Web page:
I drove through the Khyber Pass from Afghanistan into Pakistan in 1969 and back the other way two years later. I didn't like the vibe and I couldn't wait to get to India so I drove through as fast as I could and saw very little of the country. Pakistan has been, for as long as I can remember, tourism's "next big thing." But I never really gave it a chance and I now consider that as a missed opportunity. Because I'm sure as hell not thinking about going back any time in this lifetime. Lonely Planet tries to paint an alluring picture without actually misleading anyone:
It’s a destination that has so much to offer visitors; drive the Karakoram Highway through the endless peaks of the Karakoram Mountains, or wander through the architectural glories of the former Mughal capital Lahore, the ancient bazaars of Quetta or the cosmopolitan streets of Karachi. But every time the country seems to be gearing up to refresh the palates of travellers jaded with last year’s hip destination, world media headlines send things off the rails – again. No matter the attractions, tourism in Pakistan has always been something of a hard sell. A glance at the map shows the country living in a pretty difficult region: always-unruly Afghanistan to one side, Iran to another, and a border with India running through the 60-year-old fault line of Kashmir. But since the events of 9/11, Western pundits have increasingly been wondering if Pakistan isn’t just living in a tough neighbourhood, it is the tough neighbourhood.
Yesterday I wrote at length about the similarities between the murder of Punjab Governor Salaam Taseer and the tragic massacre in Tucson around the attempted assassination of Arizona Congresswoman Gabby Giffords within days of each other. Both inspired by violent, primitive, extremist factional leaders, Qari Hanif Qureshi in Pakistan and Glenn Beck, Rush Limbaugh and Sarah Palin in the U.S.
The Global Peace Index ranks 149 countries in terms of safety from New Zealand, Iceland, Japan, Austria and Norway as the top 5 and Pakistan, Sudan, Afghanistan, Somalia and Iraq as the bottom five. Although Arizona isn't ranked, the U.S. overall is considered far safer than Pakistan at this point. The U.S. comes in at #85, less safe than Brazil, Egypt, Indonesia, Laos, Greece, Sierra Leone, Morocco, for example, but safer than Bangladesh, Uganda, Mexico, Nigeria, Ethiopia, Armenia, North Korea, Haiti or Serbia.
UPDATE: Now Isn't The Time To Visit Pakistan
Right after the U.S. operation in Abbottabad, the State Department put Pakistan on their Travel Advisory List, where it had already been anyway since February. There's likely to be a tremendous backlash against any American unfortunate enough to fall in fall into the hands of Islamist extremists. In fact, I'd just skip that whole part of the world entirely for a while.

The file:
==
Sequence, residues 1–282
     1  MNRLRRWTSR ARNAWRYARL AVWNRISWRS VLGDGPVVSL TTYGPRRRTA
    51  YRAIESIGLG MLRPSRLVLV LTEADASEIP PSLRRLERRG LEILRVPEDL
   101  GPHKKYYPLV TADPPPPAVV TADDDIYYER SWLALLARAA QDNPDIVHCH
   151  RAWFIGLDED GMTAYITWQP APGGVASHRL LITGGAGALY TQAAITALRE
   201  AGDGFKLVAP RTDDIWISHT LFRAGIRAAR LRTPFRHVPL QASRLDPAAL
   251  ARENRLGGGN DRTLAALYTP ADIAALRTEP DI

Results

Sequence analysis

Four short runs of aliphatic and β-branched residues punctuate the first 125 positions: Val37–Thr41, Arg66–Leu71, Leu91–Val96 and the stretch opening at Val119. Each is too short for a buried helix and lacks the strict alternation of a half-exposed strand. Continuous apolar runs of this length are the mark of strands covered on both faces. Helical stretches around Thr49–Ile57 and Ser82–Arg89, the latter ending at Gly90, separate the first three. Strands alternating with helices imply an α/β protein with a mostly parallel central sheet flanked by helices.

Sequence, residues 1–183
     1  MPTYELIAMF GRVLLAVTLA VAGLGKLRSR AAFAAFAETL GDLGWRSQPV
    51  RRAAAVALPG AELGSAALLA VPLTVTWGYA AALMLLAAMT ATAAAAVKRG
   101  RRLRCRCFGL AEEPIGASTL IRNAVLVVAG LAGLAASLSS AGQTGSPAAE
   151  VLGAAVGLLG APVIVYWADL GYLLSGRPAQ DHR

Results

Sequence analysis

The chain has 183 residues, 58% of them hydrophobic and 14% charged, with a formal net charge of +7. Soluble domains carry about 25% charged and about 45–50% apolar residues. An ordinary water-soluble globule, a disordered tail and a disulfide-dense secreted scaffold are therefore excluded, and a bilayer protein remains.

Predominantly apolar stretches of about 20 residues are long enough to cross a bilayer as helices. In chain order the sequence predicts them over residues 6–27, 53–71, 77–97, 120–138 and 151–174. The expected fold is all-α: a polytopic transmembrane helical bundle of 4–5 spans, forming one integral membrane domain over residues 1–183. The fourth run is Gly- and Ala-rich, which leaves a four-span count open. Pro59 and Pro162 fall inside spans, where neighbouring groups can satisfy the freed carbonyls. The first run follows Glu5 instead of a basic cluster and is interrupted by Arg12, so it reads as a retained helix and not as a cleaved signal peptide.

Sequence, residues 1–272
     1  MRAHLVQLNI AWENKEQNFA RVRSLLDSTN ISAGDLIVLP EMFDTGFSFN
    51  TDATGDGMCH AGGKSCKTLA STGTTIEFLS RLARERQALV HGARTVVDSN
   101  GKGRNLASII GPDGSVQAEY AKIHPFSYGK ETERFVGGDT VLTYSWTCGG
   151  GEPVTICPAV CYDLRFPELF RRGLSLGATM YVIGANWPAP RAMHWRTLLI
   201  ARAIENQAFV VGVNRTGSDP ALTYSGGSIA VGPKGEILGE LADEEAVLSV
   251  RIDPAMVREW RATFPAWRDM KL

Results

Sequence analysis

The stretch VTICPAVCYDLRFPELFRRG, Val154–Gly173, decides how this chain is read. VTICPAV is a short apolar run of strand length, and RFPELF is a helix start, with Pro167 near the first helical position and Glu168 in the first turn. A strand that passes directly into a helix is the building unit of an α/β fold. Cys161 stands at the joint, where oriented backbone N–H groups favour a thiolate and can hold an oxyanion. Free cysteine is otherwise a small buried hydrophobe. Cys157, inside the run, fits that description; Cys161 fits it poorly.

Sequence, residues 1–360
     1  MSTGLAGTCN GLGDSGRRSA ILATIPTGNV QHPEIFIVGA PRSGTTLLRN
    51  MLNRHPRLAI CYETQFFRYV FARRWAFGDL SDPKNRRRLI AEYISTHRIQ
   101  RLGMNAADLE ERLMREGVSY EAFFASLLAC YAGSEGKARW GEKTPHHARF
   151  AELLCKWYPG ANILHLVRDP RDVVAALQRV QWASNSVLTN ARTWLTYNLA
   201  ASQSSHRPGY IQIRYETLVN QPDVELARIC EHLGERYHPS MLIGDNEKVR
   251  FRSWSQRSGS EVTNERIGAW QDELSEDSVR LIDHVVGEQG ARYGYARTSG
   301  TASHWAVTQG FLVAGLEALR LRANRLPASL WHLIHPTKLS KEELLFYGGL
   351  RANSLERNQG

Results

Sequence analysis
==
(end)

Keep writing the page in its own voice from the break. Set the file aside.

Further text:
Time For The Two Year Update
Short version: less safe than ever... if you're unlucky. And Saturday night 10 foreign tourists ran out of luck completely. The ten tourists-- three Ukrainians, two Slovakians, two Chinese, one Lithuanian, one Nepalese and an American-- plus their Pakistani guide were climbing Nanga Parbat, the world's 9th highest peak, in remote Gilgit-Baltistan when they were captured, robbed, beaten and eventually gunned down by 15 Taliban militants disguised as policemen.
The Taliban was looking for revenge for a dead comrade who died in a drone attack last month and their spokesperson said that "by killing foreigners, we wanted to give a message to the world to play their role in bringing an end to the drone attacks."
Pakistani Prime Minister Nawaz Sharif, who wants to pursue peace talks with militants threatening his country, has insisted the U.S. stop the drone strikes, saying they violate Pakistan's sovereignty and are counterproductive because they often kill innocent civilians and stoke anti-U.S. sentiment in this nation of 180 million people.
Sharif responded to the attack on the camp by vowing "such acts of cruelty and inhumanity would not be tolerated and every effort would be made to make Pakistan a safe place for tourists."
Officials expressed fear the attack would deal a serious blow to Pakistan's tourism industry, already struggling because of the high level of violence in the country.
The interior minister promised to take all measures to ensure the safety of tourists as he addressed the National Assembly, which passed a resolution condemning the attack.
"A lot of tourists come to this area in the summer, and our local people work to earn money from these people," said Syed Mehdi Shah, the chief minister of Gilgit-Baltistan. "This will not only affect our area, but will adversely affect all of Pakistan."